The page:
Home News Israeli defense minister holds talks in Washington on next phase of war

Israeli defense minister holds talks in Washington on next phase of war


Israeli soldiers repaired the tracks of a tank near the Gaza border in southern Israel last week.Credit…Jack Gertz/AFP—Getty Images

Israeli Prime Minister Benjamin Netanyahu said in an interview with Israeli television on Sunday evening that the intensive phase of Israel’s war with Hamas “is coming to an end,” but he stressed that this does not mean the conflict is about to end.

The prime minister said Israel would continue to “mow the lawn” — a term long used in Israeli security circles to refer to the use of force to curb the resurgence of militant groups — following a military operation against Gaza’s southernmost city of Rafah, the latest focus of Israel’s ground offensive.

Netanyahu’s comments were the latest indication from top Israeli officials that the war could soon enter a period of change.

Israeli Defense Minister Yoav Gallant, who is meeting with Biden administration officials in Washington, said the talks will include discussion of “Gaza’s transition to ‘Phase C.'”

Although the Israeli military says it is close to dismantling or severely weakening Hamas’ military infrastructure, the Israeli government has yet to put forward any clear plan for post-war Gaza management.

Netanyahu said in the interview that a post-war democratically elected government would involve local Palestinians and hope for help from moderate Arab countries. He said the Israeli military must maintain full security control over the area.

The prime minister continued to rule out a proposal pushed by the Biden administration: handing Gaza over to the Western-backed Palestinian Authority, which would have limited self-rule in parts of the occupied West Bank.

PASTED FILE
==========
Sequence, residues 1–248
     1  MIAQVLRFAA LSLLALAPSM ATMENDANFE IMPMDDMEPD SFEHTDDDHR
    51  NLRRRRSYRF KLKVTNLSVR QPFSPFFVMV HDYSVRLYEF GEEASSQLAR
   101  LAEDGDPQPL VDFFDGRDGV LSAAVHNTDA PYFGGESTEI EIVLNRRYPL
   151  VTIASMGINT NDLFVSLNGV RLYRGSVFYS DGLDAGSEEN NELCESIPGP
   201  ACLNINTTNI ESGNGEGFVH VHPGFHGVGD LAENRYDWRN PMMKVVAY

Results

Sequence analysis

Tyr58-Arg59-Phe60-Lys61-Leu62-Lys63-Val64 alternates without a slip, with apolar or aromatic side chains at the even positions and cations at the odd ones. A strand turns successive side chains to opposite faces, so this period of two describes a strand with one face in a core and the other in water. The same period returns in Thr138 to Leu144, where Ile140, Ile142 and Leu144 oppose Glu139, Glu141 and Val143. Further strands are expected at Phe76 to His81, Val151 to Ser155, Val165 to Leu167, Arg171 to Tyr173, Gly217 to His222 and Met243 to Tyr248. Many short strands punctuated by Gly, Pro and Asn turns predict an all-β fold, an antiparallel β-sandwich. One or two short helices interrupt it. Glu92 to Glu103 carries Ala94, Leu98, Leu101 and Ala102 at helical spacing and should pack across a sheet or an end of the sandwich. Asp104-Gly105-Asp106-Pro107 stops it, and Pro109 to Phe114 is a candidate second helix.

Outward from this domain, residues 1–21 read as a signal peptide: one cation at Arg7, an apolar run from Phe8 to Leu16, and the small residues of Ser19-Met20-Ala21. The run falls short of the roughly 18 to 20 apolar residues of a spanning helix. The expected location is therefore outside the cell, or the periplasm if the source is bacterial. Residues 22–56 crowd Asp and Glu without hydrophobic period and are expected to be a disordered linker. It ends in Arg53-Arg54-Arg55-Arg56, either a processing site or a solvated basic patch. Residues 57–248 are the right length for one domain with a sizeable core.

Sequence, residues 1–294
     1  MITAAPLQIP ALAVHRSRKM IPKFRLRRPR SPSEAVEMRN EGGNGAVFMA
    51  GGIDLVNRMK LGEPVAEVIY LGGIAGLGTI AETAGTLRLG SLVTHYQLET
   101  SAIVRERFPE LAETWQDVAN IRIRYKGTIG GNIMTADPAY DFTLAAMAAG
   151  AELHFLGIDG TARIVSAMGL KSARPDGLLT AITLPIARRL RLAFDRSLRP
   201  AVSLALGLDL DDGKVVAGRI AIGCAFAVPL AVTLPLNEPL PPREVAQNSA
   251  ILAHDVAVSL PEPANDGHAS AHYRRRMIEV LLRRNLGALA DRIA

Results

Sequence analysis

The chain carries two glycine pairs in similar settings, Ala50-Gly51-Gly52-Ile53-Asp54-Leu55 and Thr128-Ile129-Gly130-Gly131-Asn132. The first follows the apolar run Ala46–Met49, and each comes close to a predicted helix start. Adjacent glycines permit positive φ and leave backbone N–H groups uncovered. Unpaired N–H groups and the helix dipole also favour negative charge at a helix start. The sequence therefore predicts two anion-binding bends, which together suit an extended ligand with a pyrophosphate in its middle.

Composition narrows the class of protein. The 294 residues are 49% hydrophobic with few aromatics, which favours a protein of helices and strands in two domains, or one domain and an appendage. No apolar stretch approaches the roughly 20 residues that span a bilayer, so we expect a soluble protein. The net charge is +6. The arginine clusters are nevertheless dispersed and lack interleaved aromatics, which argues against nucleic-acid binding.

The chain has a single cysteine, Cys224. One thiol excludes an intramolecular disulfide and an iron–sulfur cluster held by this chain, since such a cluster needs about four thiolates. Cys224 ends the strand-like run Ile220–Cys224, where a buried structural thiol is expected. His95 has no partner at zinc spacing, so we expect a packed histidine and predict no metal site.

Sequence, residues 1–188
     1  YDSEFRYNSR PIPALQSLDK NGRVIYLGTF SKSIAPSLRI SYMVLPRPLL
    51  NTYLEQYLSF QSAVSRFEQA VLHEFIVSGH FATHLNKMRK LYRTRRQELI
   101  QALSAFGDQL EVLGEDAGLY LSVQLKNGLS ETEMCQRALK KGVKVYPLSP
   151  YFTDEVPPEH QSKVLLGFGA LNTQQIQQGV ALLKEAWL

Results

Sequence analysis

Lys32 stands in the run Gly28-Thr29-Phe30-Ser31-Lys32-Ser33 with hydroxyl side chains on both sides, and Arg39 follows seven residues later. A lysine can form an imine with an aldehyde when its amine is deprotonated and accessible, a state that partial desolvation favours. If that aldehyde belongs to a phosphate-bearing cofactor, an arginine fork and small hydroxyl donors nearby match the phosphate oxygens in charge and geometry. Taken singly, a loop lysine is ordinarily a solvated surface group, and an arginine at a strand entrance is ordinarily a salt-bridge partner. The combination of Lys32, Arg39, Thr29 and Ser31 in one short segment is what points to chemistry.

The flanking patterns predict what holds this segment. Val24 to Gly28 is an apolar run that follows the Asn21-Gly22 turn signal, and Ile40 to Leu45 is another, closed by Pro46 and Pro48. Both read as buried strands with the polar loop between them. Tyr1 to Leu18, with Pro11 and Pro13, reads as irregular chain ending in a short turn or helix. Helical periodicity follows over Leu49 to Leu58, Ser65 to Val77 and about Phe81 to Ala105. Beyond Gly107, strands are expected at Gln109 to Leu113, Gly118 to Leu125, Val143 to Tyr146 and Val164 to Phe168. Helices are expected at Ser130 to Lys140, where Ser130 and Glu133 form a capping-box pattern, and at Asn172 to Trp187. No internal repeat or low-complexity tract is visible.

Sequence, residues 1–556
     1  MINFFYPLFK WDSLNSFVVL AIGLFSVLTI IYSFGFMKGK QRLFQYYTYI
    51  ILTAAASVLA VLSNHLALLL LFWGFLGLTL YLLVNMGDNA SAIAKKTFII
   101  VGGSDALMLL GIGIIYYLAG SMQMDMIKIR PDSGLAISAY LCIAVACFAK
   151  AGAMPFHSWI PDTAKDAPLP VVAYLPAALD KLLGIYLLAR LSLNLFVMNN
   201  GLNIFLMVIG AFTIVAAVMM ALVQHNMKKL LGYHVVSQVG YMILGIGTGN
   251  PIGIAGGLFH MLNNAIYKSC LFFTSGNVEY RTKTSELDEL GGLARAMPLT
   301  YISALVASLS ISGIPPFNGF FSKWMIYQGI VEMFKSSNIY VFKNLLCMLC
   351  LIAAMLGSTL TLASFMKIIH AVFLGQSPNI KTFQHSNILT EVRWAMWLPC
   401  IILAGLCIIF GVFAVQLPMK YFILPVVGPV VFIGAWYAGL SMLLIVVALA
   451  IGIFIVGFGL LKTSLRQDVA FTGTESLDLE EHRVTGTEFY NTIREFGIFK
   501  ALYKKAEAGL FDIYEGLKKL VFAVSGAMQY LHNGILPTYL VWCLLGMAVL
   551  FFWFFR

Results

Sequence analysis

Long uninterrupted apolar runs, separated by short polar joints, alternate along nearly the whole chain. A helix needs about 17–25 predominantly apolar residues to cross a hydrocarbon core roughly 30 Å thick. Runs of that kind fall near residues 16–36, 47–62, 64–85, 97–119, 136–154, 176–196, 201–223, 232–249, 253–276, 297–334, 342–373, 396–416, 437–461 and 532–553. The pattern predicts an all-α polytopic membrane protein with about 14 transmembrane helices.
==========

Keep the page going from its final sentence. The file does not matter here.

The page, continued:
Khan Yunis in southern Gaza last week. The Israeli government has yet to come up with a clear plan for governing Gaza after the war. Credit…Iyad Baba/AFP – Getty Images

Netanyahu said that to achieve the “end of Hamas,” “Hamas must first be eliminated,” reiterating his long-standing position that Hamas must be completely eliminated. Many experts believe this goal is unattainable.

The prime minister made the comments during a 44-minute interview with The Patriot, a populist and often controversial evening talk show. Channel 14is an Israeli right-wing television station that caters to Netanyahu’s voter base.

Netanyahu has given very few interviews in Hebrew to Israeli audiences since the war began. He has been criticized at home for giving frequent interviews to American television stations, while engaging with Israelis mainly through sporadic televised statements and press conferences or video clips.

Netanyahu also addressed the stalled ceasefire talks in the interview, at one point suggesting he would be willing to reach a “partial” deal that would allow only the return of some of the 120 hostages being held in Gaza – but his office quickly walked that back.

The prime minister said he was willing to agree to a temporary ceasefire and release some hostages before resuming the war. The proposal appeared to contradict an Israeli proposal approved last month for a phased deal to release all hostages and achieve a permanent ceasefire – a proposal endorsed by President Biden and the UN Security Council.

But at another point in the interview on Sunday, Netanyahu said he was committed to bringing back all remaining hostages, at least a third of whom Israel says have died in captivity.

After the interview, Netanyahu’s office issued a brief statement saying it was Hamas, not Israel, that opposed the deal. “Prime Minister Netanyahu has made it clear that we will not leave Gaza until we repatriate all 120 deceased hostages,” the statement said.

The Families of Hostages and Missing Persons Forum, which speaks for the hostages, condemned Netanyahu’s remarks in an interview, saying that failure to move forward with the ceasefire proposal “is tantamount to abandoning 120 hostages and violating the state’s moral obligations to its citizens.”

“The families of the hostages will not allow the government and its leaders to abandon their fundamental commitment to the fate of our loved ones. The responsibility and obligation to return all hostages lies with the prime minister,” the group said in a statement.

Johnson Rice and Adam Rasgon Contributed reporting.

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